Hugo Ramirez never thought that one day he would have to turn to food aid. After all, he has a permanent job in the construction industry.
But record inflation has pushed the bricklayer to take the plunge: otherwise, it would be impossible to make ends meet.
“We see prices going up every week, even on basic products… We can’t manage it anymore,” says the 44-year-old, standing in front of pallets of fruit and vegetables at the foot of a large brick building in the south of Madrid.
Every Saturday, he comes to collect food from an association created during the pandemic in the working-class neighbourhood of Aluche to help residents in difficulty.
“I earn €1,200 a month and my wife €600” for a part-time job as a home help. “But we have three children”, explains Hugo, originally from Venezuela. “Once we have paid the €800 in rent and the €300 in various charges, we don’t have much left.”
COVID ‘hunger queues’ lengthen
Every weekend, thousands of people like Hugo queue up at various places in the Spanish capital to get food. Back at the start of the pandemic, Euronews’ Spanish service reported on the so-called “hunger queues” springing up across Madrid. Since then, the phenomenon has been compounded in recent months by soaring inflation.
“Every week we see new families in need, especially since the war in Ukraine,” Raul Calzado, a volunteer with the Mutual Aid Network of Aluche (Rama), told AFP. He says he has seen mothers “stopping buying feminine hygiene products so they can feed their children”.
The association currently helps 350 households, distributing seven tonnes of food a week with the help of the food bank. Raul predicts that at this rate the number will rise to 400 by the end of the year.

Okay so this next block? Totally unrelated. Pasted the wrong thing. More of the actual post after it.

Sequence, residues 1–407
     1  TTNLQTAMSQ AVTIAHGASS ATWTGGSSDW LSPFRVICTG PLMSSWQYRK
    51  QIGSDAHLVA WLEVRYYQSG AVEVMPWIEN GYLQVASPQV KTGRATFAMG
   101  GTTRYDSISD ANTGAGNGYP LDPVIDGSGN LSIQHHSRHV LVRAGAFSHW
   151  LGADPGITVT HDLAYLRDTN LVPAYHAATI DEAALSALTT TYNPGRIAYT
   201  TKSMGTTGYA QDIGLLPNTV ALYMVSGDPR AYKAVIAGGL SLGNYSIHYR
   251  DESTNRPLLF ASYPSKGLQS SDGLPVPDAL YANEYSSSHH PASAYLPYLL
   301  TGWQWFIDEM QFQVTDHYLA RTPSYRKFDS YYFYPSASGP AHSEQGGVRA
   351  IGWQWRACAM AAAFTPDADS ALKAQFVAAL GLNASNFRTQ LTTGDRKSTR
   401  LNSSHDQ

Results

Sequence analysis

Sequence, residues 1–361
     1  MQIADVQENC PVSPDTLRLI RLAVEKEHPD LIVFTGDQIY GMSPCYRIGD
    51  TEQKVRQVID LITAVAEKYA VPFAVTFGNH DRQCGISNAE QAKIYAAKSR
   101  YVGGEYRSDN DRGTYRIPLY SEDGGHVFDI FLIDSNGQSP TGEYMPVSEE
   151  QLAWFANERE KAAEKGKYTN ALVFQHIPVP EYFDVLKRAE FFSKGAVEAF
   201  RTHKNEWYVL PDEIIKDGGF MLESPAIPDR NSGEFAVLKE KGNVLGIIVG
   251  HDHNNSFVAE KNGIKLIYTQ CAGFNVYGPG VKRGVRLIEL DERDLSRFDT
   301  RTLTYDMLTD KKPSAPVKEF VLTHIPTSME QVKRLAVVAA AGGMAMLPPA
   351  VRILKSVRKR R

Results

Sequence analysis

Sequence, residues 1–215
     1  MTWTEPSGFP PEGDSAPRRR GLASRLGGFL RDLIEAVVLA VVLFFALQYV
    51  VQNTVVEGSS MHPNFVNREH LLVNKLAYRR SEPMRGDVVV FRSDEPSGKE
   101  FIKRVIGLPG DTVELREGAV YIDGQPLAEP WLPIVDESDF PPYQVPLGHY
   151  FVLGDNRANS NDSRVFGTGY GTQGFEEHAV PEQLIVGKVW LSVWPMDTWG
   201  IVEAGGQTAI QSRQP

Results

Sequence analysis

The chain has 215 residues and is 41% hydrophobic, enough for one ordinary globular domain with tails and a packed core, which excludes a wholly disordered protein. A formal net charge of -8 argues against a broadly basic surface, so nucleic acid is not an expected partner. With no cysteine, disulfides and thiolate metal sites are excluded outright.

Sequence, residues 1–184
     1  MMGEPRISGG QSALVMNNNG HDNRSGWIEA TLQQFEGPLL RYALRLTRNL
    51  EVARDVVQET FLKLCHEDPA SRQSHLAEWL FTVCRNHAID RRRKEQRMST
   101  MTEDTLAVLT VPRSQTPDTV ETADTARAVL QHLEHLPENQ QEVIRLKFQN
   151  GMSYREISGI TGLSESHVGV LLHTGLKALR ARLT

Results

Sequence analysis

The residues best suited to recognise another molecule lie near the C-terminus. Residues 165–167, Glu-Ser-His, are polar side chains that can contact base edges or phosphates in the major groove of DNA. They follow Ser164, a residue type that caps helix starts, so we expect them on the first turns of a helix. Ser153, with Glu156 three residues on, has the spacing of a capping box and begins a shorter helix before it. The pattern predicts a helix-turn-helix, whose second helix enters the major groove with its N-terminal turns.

A dozen volunteers are busy in a room filled with pasta, canned food and nappies. Others take deva of families lined up outside, many of them immigrants.
“Some of the recipients have no income. But we also have more and more pensioners with small pensions or people who work but whose hisse is insufficient,” says the association’s vice president Elena Bermejo. “For some families, even buying a litre of olive oil or a kilo of lentils has become difficult.”
According to Spain’s National Statistics Institute, food prices rose by 15.4% year-on-year in October, the worst figure for nearly 30 years. The price of sugar even jumped by 42.8% and vegetables by 25.7%.
The left-wing Spanish government has multiplied measures in recent months to help people with the cost of living. But welfare groups say they’re not enough.
“With inflation, we are seeing a drop in donations,” says Luis Miguel Rupérez of the Spanish Federation of Food Banks. “The sorun is that with rising prices, we can buy less food.”
The organisation helps more than 186,000 people in the Madrid region and 1.35 million in Spain as a whole — almost the equivalent of a city like Barcelona. But since January, it has collected 125,000 tonnes of food compared to 131,000 tonnes in the same period last year.
According to a study published in early 2022 by the University of Barcelona, one in seven Spanish households is faced with “food insecurity” due to a lack of access to healthy and nutritious products. Few see the situation improving in the short term in a country faced with chronic precariousness.
Hugo Ramirez, bag of food in hand, says he hopes “it will get better” but is “afraid it won’t”. He draws a comparison with his native Venezuela, which has been plagued by unbridled inflation for the past cilt years.
“Everything is expensive, expensive, expensive,” he says.